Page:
Every year Rotary hosts the Champions Awards, celebrating the outstanding humanitarian and community service conducted by volunteers from across Great Britain and Ireland.
This year, seven Rotary members will be crowned Champions of Change, alongside seven Community Champions, members of the public whose efforts have been recognised by their local Rotary club.
Here we meet the seven Champions of Change winners who have been making a difference tackling mental health, supporting education, alleviating poverty, helping refugees and much more.
You can celebrate with our Champions at the ceremony in Nottingham on Friday 10th May 2019, as part of the Rotary Conference and Showcase. Tickets are on sale now.
Nick has been the leader of the Hour Community project, launched in 2011 by Framlingham Rotary Club.
Hour Community is a need-led project providing vital services to support the elderly and isolated and those suffering from mental health issues in the community. The project has a range of services including transporting the elderly and vulnerable to medical appointments while the project’s two lunch clubs, the Forget Me Not Café and Worry Tree Café offer safe and welcoming environments for those suffering with dementia and mental health issues.
Hour Community has grown to help hundreds of people each month and has the support of more than 40 volunteers and local businesses.
#DoTheRightThing met Millie, who told the inspirational story of how a mental health crisis turned her life upside down, and how she has used her own experiences to help others with the Worry Tree Cafe. For more information, visit: https://t.co/HmW18RM8Xo pic.twitter.com/9tEWdtFhm9
— Channel 5 (@channel5_tv) January 6, 2019
Lori Spragg and her charity Build on Books have helped to rebuild the foundations for education in Sierra Leone by collecting and providing in excess of 60,000 books, furniture, clean water, sanitation, food security and much more.
Torn apart by civil war, children of Sierra Leone have were unable to go to school and the 11 years of terror and its aftermath left a 20 year gap in education, making it one of the most impoverished and illiterate in the world.
As an example of Lori’s success, one school in the village of Kwama has grown rapidly with new classrooms, over 1,600 pupils and three Build on Books enterprise projects including a farm, a canteen and a sewing workshop.
Ken is passionate about empowering people to lift themselves out of poverty, strengthen their families and improve their communities.
He has worked in Uganda for the past 45 years and his latest project has led to the protection of three natural springs of fresh water in the western end of the Rift Valley. In this area water is in great demand and many people have become ill or died from diseases like cholera as a result of its contamination.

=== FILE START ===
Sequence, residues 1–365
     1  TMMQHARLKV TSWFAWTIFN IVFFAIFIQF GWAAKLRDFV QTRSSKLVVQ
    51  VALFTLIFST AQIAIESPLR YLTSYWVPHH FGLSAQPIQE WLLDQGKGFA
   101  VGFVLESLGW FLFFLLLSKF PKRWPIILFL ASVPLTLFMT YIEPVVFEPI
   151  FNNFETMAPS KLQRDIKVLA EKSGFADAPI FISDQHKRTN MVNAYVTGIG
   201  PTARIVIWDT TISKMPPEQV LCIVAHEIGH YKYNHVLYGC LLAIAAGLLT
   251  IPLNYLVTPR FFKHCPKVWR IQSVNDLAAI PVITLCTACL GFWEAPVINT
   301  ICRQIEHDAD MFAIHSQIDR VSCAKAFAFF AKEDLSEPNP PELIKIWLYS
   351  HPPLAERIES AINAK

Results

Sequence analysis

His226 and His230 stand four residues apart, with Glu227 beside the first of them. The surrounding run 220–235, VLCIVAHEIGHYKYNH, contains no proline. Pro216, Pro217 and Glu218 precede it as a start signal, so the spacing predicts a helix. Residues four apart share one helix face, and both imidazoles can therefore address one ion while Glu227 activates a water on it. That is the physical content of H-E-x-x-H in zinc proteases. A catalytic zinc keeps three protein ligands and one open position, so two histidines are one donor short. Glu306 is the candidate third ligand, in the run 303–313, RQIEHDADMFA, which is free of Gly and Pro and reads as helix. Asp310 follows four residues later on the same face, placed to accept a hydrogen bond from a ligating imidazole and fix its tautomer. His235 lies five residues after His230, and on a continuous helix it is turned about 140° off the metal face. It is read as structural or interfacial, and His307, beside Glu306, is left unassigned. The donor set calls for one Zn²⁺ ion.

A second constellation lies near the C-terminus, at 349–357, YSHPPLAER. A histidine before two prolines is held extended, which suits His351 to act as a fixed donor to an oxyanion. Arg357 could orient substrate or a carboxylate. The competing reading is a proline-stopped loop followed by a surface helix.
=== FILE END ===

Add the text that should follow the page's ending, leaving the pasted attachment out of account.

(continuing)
Water now flows freely and cleanly from these three protected outlets, meaning 2,000 people no longer have to make the 3 kilometre journey to fetch what was previously dirty and polluted water.
Katy has given outstanding commitment to a school project in Uganda, giving children living in extreme poverty the opportunity to break out of the cycle and fulfil their potential.
She has been working on the project for six years through the UK charity Karuna Action and using her professional skills as a retired headteacher, has delivered teacher and leadership training to schools in desperately impoverished areas.
These activities have dramatically raised education standards and improved the life chances of the pupils, with many going on to become doctors, solicitors and teachers themselves.
Angela is a passionate ambassador for the charity Sightbox, which provides access to sport and education for the visually impaired in the UK and around the world.
Visually impaired students face high levels of unemployment and significant social hurdles throughout their lives. The project started in Liverpool and has grown across the world, with Angela’s role taking her to countries in Asia and Africa.
A Sightbox contains equipment, such as balls with bells in them, meaning all children can participate in sport and classroom games together.
John has spent the last 20 years helping asylum seekers and refugees in the Blackburn and Darwen area. He co-ordinates Darwen Asylum Refugees Enterprise (DARE), supporting individuals by running a drop-in centre, English classes, health checks, sign posting and trips out.
This has had a direct impact on the local community as relationships develop and understanding of the issues surrounding world conflict increases.
DARE has helped to integrate hundreds of refugees into the local are, immersing them in the community’s cultural life, at a time in their lives where they often feel marginalised and helpless.
Chris has shown huge dedication to his local community of Strelley and Broxtowe in Nottingham. With very few activities in this underprivileged area for young people, the threat of becoming involved in a life of anti-social behaviour and crime is very real.
He set up a youth club and coaches a 5-a-side football team in the area, which has offered a safe heaven and environment for dozens of young people to channel their energy into something positive.
He has also been deeply affected by personal tragedy after the loss of his daughter at the age of 10. But in her memory, Chris created a scheme to collect, repair and distribute unwanted toys to children who often don’t receive presents. Last year alone, 1,200 toys were handed out to children in the community.
Meet our Community Champions
As well as the seven Champions of Change, seven members of the public are being recognised for their outstanding volunteering. Read their stories below.